There are many possible mechanisms underlying the association between hyperglycemia and cancer risk (1); however, they were not discussed in our recent article (2), due to format limitations. At a cellular level, glucose may lead to activation of energy sensing mechanisms, which in turn favor cellular growth and proliferation. Additionally, elevated glucose concentrations may also stimulate cancer growth through increased formation of advanced glycation end products. As noted by Bowker and Johnson (3), increased insulin is also likely to contribute to the observed positive association of hyperglycemia and cancer. Insulin is key to the regulation of energy metabolism and may affect cell proliferation and apoptosis through its receptor (by increasing the bioactivity of IGF-I) and by increasing energy provision to cancer cells (1). Leptin, as well as other adipocytokines, may also be links between a high-energy state and increased cancer risk (4).
Insulin is not measured as part of the check-up health examination in the Västerbotten Intervention Project, although C-peptide (a marker of pancreatic synthesis of insulin), leptin, and glycated hemoglobin were assayed in cryopreserved specimens for a subset of subjects, as a part of a series of ongoing studies on the metabolic syndrome and cancer risk nested within the Västerbotten Intervention Project. In the largest of these studies (5), fasting and postload glucose were only weakly correlated between themselves (rs = 0.25) and also with C-peptide (rs = 0.24 and 0.11), BMI (rs = 0.17 and 0.07), leptin (rs = 0.14 and 0.13) and A1C (rs = 0.28 and 0.09), respectively. In the present study, adjustment for BMI had virtually no effect on risk estimates, even though BMI has been consistently associated with an increased overall risk of cancer in many studies, including ours (1,6). Likewise, adjustments for C-peptide did not materially change relative ratios for glucose in our study on prostate cancer (5). Studies on multiple factors in the metabolic syndrome in relation to cancer will be instrumental to understand their separate and joint effects on risk.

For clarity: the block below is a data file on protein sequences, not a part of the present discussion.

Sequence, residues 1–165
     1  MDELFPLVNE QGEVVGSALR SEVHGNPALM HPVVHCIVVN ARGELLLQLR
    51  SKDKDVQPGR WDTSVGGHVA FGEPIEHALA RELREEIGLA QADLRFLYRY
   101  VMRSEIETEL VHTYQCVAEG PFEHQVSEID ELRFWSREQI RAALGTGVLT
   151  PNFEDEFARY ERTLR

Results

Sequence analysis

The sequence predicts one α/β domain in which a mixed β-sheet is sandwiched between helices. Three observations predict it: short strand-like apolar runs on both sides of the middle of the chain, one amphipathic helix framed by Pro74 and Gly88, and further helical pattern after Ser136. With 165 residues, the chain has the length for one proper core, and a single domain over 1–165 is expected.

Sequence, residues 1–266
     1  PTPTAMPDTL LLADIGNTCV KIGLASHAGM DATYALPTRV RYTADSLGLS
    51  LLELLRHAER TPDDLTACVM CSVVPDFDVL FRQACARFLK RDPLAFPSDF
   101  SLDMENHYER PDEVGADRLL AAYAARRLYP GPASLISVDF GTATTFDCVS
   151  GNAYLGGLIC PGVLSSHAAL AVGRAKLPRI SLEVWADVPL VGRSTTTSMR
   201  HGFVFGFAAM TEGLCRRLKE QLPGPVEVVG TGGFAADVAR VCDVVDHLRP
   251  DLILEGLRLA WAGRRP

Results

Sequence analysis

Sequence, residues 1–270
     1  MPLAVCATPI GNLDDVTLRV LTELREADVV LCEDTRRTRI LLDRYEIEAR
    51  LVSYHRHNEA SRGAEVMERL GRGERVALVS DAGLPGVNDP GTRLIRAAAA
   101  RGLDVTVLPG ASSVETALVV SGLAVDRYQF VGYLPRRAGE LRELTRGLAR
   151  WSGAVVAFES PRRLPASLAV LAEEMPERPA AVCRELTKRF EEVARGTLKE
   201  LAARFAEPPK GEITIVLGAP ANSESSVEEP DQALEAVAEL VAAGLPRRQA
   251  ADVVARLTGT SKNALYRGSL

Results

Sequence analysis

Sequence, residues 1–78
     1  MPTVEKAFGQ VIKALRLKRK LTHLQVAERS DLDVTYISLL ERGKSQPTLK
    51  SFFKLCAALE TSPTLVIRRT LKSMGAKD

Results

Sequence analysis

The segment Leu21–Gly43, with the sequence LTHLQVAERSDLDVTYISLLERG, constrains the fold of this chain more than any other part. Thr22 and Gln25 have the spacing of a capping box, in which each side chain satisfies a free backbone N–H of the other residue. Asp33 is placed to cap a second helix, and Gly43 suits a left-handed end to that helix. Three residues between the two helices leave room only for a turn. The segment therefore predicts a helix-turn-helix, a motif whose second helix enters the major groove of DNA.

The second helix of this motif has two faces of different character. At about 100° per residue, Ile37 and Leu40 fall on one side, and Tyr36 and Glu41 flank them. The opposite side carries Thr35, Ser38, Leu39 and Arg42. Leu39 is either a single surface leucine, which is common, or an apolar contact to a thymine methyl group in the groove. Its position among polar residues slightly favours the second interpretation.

Finally, it is unlikely that the use of sulfonylureas, metformin, or exogenous insulin by some participants in our cohort could have substantially affected risk estimates, given that the study was done mainly in nondiabetic subjects.